Notable new releases
compiled by Sally Brewster
Diva by Daisy Goodwin
In the glittering and ruthlessly competitive world of opera, Maria Callas was known simply as la divina: the divine one. With her glorious voice, instinctive flair for the dramatic and striking beauty, she was the toast of the grandest opera houses in the world. But her fame was hard-won: raised in Nazi-occupied Greece by a mother who mercilessly exploited her golden voice, she learned early in life to protect herself from those who would use her for their own ends. When she met the fabulously rich Greek shipping magnate Aristotle Onassis, for the first time in her life she believed she’d found someone who saw the woman within the legendary soprano. She fell desperately in love. He introduced her to a life of unbelievable luxury, showering her with jewels and sojourns in the most fashionable international watering holes with celebrities like Elizabeth Taylor, Richard Burton and the Duke and Duchess of Windsor. And then suddenly, it was over. The international press announced that Aristotle Onassis would marry the most famous woman in the world, former First Lady Jacqueline Kennedy, leaving Maria to pick up the pieces. In this remarkable novel, Daisy Goodwin brings to life a woman whose extraordinary talent, unremitting drive and natural chic made her a legend. But it was only in confronting the heartbreak of losing the man she loved that Maria Callas found her true voice and went on to triumph.
The Waters by Bonnie Jo Campbell
On an island in the Great Massasauga Swamp — an area known as “The Waters” to the residents of nearby Whiteheart, Mich. — herbalist and eccentric Hermine “Herself” Zook has healed the local women of their ailments for generations. As stubborn as her tonics are powerful, Herself inspires reverence and fear in the people of Whiteheart, even in her own three estranged daughters. The youngest — the beautiful, inscrutable and lazy Rose Thorn — has left her own daughter, 11-year-old Dorothy “Donkey” Zook, to grow up wild.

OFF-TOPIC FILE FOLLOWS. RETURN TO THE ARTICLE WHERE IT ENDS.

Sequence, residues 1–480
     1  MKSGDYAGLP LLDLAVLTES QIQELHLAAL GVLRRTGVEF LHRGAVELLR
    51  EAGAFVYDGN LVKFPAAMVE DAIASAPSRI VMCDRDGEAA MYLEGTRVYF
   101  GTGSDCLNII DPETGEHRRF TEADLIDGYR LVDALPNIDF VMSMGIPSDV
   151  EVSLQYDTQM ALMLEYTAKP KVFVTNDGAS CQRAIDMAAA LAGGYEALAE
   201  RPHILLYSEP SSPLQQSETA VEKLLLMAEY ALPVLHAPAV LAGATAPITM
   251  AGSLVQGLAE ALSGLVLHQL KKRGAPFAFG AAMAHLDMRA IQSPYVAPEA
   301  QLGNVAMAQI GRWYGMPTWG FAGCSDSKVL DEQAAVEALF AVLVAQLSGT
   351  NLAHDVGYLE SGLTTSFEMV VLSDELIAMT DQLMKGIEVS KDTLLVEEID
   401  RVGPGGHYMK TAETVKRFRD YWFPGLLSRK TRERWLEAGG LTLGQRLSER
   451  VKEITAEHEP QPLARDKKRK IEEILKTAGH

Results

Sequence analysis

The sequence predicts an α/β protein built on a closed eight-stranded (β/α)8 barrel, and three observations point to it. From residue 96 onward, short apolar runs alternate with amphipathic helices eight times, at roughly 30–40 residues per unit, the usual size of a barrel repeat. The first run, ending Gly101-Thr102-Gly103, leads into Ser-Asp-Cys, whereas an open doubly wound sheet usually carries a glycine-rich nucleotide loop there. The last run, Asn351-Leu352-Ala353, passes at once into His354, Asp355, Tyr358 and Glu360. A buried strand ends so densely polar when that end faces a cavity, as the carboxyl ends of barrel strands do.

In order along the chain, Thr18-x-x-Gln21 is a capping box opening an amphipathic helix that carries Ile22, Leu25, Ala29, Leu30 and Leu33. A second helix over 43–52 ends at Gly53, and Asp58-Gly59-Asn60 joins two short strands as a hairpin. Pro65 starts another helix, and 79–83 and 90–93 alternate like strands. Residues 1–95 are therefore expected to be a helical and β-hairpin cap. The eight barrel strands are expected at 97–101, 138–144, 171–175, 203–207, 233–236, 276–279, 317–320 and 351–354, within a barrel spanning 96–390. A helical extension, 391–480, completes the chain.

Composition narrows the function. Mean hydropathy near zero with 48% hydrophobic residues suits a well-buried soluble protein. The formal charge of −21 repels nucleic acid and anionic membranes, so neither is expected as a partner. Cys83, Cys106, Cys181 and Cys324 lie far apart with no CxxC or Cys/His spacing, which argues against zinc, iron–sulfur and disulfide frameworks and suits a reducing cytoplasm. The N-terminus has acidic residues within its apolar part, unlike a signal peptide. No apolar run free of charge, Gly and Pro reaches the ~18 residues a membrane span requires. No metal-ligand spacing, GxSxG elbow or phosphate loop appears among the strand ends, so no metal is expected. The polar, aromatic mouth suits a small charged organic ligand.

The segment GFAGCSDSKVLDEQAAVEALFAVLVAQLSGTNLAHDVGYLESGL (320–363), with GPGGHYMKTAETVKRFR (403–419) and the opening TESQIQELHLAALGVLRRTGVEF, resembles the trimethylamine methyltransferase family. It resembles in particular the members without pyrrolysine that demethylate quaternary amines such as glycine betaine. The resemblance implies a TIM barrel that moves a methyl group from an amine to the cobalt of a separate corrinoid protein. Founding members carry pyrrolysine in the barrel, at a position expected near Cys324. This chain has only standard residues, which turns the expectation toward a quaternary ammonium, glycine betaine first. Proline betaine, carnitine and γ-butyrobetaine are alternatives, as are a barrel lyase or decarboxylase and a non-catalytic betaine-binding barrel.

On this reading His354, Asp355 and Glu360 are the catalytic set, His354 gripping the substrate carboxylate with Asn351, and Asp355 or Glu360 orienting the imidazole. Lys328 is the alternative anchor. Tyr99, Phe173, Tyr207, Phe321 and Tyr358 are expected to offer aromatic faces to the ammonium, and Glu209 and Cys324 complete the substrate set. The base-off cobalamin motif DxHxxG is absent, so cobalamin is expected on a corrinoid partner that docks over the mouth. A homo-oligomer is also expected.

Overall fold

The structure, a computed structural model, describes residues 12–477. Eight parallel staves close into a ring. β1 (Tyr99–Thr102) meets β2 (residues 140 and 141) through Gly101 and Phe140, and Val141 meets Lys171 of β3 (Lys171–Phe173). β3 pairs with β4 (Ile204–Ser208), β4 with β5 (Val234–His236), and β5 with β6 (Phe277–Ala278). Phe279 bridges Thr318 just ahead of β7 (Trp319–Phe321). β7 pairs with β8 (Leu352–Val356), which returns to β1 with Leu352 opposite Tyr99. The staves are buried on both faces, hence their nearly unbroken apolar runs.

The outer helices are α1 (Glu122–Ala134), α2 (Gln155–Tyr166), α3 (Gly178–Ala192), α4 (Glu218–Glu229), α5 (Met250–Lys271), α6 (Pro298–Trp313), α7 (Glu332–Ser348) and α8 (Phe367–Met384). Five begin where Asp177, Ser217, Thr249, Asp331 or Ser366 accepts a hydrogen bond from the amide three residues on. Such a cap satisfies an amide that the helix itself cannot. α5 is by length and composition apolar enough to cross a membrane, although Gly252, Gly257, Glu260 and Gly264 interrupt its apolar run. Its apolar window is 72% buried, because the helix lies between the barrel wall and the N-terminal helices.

Donkey spends her days searching for truths in the lush landscape and in her math books, waiting for her wayward mother and longing for a father, unaware that family secrets, passionate love and violent men will flood through the swamp and upend her idyllic childhood. Rage simmers below the surface of this divided community, and those on both sides of the divide have closed their doors against the enemy. The only bridge across the waters is Rose Thorn. With a “ruthless and precise eye for the details of the physical world” (Jane Smiley, New York Times Book Review), Bonnie Jo Campbell presents an elegant antidote to the dark side of masculinity, celebrating the resilience of nature and the brutality and sweetness of rural life.
The Curse of Pietro Houdini by Derek B. Miller
August, 1943. Fourteen-year-old Massimo is all alone. Newly orphaned and fleeing from Rome after surviving the American bombing raid that killed his parents, Massimo is attacked by thugs and finds himself bloodied at the base of the Montecassino. It is there, in the Benedictine abbey’s shadow, that a charismatic and cryptic man calling himself Pietro Houdini, the self-proclaimed “Master Artist and confidante of the Vatican,” rescues Massimo and brings him up the mountain to serve as his assistant in preserving the treasures that lay within the monastery walls. But can Massimo believe what Pietro is saying, particularly when Massimo has secrets too? Who is this extraordinary man? When it becomes evident that Montecassino will soon become the front line in the war, Pietro Houdini and Massimo execute a plan to smuggle three priceless Titian paintings to safety down the mountain. They are joined by a nurse concealing a nefarious past, a café owner turned murderer, a wounded but chipper German soldier, and a pair of lovers along with their injured mule, Ferrari. Together they will lie, cheat, steal, fight, kill and sin their way through battlefields to survive, all while smuggling the Renaissance masterpieces and the bag full of ancient Greek gold they have rescued from the “safe keeping” of the Germans.